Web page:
16 migrants are run over and killed by a train after sleeping on the tracks in India
- Train driver was unable to stop and ploughed through the group Friday morning
- They were making their way home on foot after India suspended public transport
- Thousands of labourers have been leaving cities after being laid off in lockdown
- A survivor said they’d covered 25 miles by road and retired to tracks for the night
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Sixteen migrant workers have been run over and killed by a freight train after falling asleep on the tracks in India.
The driver tried to stop the train when he saw the workers lying across the tracks near the city of Aurangabad, in Maharashra state early on Friday morning.
The labourers had been walking back to their home village hundreds of miles away after losing their jobs in the coronavirus lockdown, police said.
It is not clear why the group, having grown tired on the road, decided to sleep on the tracks, however, all public transport was suspended when India went into lockdown on March 25 and the workers may have believed it was safe to do so.
People carry the body of a victim after a train killed 16 migrant workers sleeping on the track in Aurangabad district in the western state of Maharashtra, India, on Friday morning
Officials and police inspect at the site of train mishap in which 16 migrant workers were killed near Aurangabad, India, on Friday morning
Two others were injured in the accident and small bundles of food, footwear and other belongings were scattered across the tracks in the aftermath.
‘I have just heard the sad news about labourers coming under the train, rescue work is underway,’ Railway Minister Piyush Goyal said on Twitter last week.
The railway ministry said an inquiry had been ordered.
Under the lockdown, which has been extended until May 17, many migrant workers have been heading out of the big cities on foot, covering huge distances to get back home.
Police said the labourers worked for a steel company and had started trekking towards their village in the neighbouring state of Madhya Pradesh hundreds of miles away, hoping to get a lift from a passing truck.
One of the survivors, Virender Singh, said they had set off on the journey home after waiting for weeks for their contractor to bail them out with a bit of cash.
‘Our families in the village were asking us to come back,’ he said.
They started walking along railway tracks on Thursday evening and were exhausted after covering nearly 25 miles and so stopped, Singh said.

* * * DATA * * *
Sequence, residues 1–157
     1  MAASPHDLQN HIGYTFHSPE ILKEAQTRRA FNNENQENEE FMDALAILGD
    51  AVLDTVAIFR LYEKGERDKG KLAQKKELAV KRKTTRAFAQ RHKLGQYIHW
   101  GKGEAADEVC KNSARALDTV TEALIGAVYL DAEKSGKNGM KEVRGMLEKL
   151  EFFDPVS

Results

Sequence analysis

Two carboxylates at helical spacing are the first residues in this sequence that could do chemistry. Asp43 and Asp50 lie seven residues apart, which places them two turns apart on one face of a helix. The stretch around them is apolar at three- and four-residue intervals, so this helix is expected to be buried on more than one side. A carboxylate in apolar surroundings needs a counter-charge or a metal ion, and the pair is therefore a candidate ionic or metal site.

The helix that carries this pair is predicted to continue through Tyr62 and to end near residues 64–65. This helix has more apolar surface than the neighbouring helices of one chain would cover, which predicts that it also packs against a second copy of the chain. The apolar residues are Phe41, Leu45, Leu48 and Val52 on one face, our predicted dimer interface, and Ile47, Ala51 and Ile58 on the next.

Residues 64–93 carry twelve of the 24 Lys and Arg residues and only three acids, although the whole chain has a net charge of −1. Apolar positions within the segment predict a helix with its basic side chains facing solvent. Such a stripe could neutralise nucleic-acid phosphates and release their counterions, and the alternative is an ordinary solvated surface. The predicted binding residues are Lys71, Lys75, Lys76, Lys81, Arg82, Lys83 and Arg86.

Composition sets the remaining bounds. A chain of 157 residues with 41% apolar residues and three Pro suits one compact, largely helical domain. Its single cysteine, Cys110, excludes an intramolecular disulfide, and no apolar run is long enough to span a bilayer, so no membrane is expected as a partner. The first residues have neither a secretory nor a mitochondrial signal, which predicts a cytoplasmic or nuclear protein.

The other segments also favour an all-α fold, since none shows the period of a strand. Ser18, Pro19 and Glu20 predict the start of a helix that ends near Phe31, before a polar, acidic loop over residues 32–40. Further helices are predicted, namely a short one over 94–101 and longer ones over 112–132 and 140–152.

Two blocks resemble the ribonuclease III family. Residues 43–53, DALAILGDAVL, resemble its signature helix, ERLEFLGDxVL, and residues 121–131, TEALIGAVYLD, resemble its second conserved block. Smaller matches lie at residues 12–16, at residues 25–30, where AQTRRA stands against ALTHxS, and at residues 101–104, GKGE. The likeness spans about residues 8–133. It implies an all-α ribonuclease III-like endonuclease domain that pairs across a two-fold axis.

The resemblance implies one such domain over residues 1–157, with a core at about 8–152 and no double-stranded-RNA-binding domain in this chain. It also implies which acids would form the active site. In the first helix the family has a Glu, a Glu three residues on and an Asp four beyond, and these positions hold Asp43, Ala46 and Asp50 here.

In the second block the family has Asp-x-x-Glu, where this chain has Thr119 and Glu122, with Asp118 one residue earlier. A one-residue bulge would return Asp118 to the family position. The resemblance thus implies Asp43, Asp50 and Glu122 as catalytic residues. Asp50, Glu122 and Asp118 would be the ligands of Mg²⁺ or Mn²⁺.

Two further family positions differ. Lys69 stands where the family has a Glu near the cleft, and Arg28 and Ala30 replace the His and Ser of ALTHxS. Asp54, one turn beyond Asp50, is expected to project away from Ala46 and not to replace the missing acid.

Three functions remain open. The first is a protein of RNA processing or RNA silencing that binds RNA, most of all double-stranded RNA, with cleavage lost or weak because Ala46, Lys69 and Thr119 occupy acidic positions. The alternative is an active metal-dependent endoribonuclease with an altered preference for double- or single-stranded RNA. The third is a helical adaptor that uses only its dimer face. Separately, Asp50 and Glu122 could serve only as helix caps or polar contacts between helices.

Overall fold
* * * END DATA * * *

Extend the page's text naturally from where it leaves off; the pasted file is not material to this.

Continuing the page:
Two others were injured in the accident and small bundles of food, footwear and other belongings were scattered across the tracks in the aftermath
People stand outside an ambulance after loading the body of victims of a train accident in Aurangabad
Police officers examine the railway track after a train ran over migrant workers sleeping on the track in Aurangabad district
‘It seems they were sleeping on the tracks,’ C.H. Rakesh, chief public relation officer, south central railway told Reuters.
Rakesh told The Hindu: ‘The incident occurred even as the loco pilot of the train blew the horn as soon as he noticed the group of people infringing the rail track and also made all possible efforts to stop the train.’
The train was full of empty petrol containers and was travelling from Cherlapalli in Telangana to Manmad in Maharashtra.’
India’s eight-week long lockdown, one of the world’s most stringent, has helped contain the coronavirus, officials say, but it has hit the poor hard.
Criticism has mounted about how Prime Minister Narendra Modi’s government has arranged planes to bring back Indians from overseas, while leaving labourers stranded in cities with little food or cash.
Modi said on Twitter he was anguished by the loss of lives in the train accident and all possible assistance was being provided.
‘Shocked by the deaths of migrant workers hit by train. We should be ashamed of how we treat our nation-builders,’ said Rahul Gandhi, leader of the main opposition Congress party.
Modi (pictured on Thursday) said on Twitter he was anguished by the loss of lives in the train accident and all possible assistance was being provided
Over the last week, some state governments facing public pressure organised trains and buses to bring back migrant labourers.
But many are trudging great distances in the blistering heat through fields and forests to get home.
Following the accident, the Maharashtra state government asked the railways to operate a few trains to take stranded migrant workers home, its chief minister, Uddhav Thackeray, said.
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